Jurors got a look Friday at Bill Cosby's travel records as his lawyers made the case that he never visited his suburban Philadelphia mansion in the month he is accused of drugging and molesting a woman there.
Cosby's lawyers say the alleged assault on Andrea Constand could not have happened in January 2004, when she says the comedian knocked her out with pills and violated her. The date is important because Cosby was not charged until December 2015, just before the 12-year statute of limitations was set to expire.
The defense produced logs for Cosby's private jet flights as well as several days' worth of schedules listing his whereabouts and media appearances. The schedules do not indicate what Cosby was doing during his personal time.
U.S. & World
The day's top national and international news.
Debbie Meister, his personal assistant, testified that the flights on Cosby's Gulfstream IV — dubbed "Camille" after his wife of more than 50 years — coincided with comedy performances and other events on Cosby's schedule.
None of the records showed him flying into or out of Philadelphia-area airports from December 2003 to February 2004.
Cosby spokesman Andrew Wyatt said outside court that the records "connect the dots" that the comedian wasn't around Philadelphia at that time.
Cosby, 80, is charged with three counts of aggravated indecent assault. He says his sexual encounter with Constand was consensual.
Sequestered jurors got an early start to the weekend as Day 10 of the trial drew to a close shortly after lunch. Testimony will resume Monday. The jury is expected to get the case next week.
Earlier Friday, Cosby's lawyers told the judge they want jurors to hear from Constand's confidante before deliberations get underway, but said she's been unreachable.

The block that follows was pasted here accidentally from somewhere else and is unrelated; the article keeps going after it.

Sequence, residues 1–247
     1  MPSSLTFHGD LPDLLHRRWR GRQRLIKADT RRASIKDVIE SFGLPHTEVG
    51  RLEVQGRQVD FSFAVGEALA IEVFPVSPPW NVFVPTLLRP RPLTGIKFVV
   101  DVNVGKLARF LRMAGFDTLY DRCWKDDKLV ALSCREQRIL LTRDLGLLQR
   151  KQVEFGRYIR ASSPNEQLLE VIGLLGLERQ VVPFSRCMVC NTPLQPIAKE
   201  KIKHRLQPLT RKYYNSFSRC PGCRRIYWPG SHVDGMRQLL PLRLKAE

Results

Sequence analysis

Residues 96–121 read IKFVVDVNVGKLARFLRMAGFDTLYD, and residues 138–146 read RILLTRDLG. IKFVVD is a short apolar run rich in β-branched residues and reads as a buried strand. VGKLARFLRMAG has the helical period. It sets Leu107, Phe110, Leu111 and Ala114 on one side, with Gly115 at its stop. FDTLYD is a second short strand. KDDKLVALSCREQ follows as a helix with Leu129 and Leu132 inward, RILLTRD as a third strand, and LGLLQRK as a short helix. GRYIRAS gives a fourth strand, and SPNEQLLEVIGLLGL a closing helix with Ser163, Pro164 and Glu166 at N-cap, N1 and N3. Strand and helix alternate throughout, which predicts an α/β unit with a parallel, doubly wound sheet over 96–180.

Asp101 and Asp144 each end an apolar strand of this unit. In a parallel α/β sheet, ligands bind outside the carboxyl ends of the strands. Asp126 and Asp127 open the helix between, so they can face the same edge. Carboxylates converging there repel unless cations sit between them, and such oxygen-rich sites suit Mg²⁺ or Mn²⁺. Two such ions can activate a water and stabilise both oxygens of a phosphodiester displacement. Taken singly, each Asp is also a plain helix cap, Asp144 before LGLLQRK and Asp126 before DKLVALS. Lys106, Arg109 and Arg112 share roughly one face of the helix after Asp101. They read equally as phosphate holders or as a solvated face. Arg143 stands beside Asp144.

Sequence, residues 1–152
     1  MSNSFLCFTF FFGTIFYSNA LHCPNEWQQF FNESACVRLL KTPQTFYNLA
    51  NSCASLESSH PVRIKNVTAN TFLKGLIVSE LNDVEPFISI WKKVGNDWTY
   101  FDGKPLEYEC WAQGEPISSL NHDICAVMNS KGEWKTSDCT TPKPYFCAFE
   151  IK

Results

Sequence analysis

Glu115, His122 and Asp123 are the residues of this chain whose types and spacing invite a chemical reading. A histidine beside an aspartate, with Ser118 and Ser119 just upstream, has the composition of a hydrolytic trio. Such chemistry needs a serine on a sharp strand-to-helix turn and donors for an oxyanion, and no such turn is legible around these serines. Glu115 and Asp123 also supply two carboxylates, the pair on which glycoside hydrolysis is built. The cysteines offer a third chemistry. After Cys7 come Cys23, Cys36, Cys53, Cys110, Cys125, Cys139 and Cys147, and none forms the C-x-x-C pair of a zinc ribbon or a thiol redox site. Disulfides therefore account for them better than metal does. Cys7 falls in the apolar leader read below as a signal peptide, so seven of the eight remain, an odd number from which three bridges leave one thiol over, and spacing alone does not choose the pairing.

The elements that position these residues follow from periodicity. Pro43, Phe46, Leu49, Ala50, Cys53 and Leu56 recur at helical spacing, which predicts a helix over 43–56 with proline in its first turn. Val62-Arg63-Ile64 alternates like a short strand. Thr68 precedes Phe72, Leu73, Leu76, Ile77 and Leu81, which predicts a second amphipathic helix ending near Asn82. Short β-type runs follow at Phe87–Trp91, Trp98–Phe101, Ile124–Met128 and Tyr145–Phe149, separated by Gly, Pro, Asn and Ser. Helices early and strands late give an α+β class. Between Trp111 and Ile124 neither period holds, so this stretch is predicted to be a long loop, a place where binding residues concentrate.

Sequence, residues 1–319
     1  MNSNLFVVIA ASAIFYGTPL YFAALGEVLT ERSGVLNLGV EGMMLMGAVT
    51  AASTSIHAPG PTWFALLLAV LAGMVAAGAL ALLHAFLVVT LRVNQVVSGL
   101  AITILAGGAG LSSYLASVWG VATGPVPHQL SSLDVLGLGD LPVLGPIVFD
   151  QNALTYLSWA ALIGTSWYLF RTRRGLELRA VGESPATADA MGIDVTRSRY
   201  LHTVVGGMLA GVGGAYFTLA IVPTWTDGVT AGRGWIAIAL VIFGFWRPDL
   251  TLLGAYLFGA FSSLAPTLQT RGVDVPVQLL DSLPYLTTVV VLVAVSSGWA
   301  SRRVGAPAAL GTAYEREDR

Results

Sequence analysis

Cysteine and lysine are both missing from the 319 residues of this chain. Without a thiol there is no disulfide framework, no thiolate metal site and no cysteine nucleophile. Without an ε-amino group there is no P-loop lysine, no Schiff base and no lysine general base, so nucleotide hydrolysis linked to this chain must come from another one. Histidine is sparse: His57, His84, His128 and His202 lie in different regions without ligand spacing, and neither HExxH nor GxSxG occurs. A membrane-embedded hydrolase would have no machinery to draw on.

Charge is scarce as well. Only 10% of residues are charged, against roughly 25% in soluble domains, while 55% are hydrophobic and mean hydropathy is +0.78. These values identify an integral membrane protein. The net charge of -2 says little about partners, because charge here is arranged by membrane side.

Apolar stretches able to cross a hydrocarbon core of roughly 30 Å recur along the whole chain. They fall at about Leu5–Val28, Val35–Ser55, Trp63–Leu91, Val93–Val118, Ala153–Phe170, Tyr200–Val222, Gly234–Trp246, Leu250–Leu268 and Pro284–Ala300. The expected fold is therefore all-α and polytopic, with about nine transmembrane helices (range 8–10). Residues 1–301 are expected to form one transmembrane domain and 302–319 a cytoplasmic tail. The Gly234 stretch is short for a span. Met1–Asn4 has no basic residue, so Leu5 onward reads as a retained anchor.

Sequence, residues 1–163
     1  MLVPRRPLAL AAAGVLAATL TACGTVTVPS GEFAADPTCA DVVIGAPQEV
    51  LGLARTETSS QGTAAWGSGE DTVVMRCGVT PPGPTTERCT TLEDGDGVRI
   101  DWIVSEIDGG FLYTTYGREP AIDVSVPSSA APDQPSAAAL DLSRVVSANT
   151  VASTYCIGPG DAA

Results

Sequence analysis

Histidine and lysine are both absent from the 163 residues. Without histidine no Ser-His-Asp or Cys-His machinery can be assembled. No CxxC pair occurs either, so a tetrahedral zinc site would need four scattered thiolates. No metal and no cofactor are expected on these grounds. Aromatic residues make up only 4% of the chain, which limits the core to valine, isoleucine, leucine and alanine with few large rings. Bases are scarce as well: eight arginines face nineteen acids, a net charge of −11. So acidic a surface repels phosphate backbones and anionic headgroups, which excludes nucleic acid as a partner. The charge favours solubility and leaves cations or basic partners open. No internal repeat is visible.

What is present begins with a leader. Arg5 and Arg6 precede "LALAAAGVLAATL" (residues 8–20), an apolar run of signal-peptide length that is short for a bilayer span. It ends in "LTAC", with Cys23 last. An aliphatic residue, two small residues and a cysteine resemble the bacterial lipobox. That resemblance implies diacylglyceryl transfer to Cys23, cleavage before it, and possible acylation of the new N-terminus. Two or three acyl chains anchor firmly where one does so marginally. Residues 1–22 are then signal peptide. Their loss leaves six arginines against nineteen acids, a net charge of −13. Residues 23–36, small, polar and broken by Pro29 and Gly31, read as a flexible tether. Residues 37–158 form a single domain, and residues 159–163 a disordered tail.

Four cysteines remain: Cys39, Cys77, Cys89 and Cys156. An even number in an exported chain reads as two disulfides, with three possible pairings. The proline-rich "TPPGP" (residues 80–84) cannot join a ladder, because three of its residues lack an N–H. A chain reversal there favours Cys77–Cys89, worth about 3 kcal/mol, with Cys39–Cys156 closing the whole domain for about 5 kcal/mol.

The defense asked for permission to read parts of Sheri Williams' deposition into the record just as prosecutors did with Cosby's old testimony. Williams gave the deposition as part of Constand's 2005 lawsuit against Cosby, who wound up settling for nearly $3.4 million.
Judge Steven O'Neill appeared skeptical of the defense request, saying he wants to hear from a witness who can show the defense has made a reasonable effort to serve Williams with a subpoena to testify in person. O'Neill put off a ruling until Monday.
Constand testified at Cosby's first trial last year that she and Williams were good friends and would speak "at all hours of the day: morning, noon, and night." She said they were in touch as she went to police in January 2005 with allegations Cosby drugged and molested her about a year earlier.
Cosby's lawyers said they expected Williams' testimony to refute Constand's claims that she was unaware he was romantically interested in her. And they said the testimony would show that Constand "could not have been the unwitting victim" prosecutors have portrayed.
Constand testified at the trial that Cosby had never expressed any romantic interest, though she called the passes she said he made at her before the alleged assault — touching her thigh and trying to unbutton her pants — "a little bit absurd."
"Mr. Cosby was just a little bit younger than my grandfather. He was a married man and I absolutely showed no interest in him. But I wasn't threatened and I didn't judge him," she testified.
Cosby testified in his own deposition — also given as part of Constand's lawsuit — that he had a romantic relationship with her.
The Associated Press does not typically identify people who say they are victims of sexual assault unless they grant permission, which Constand has done.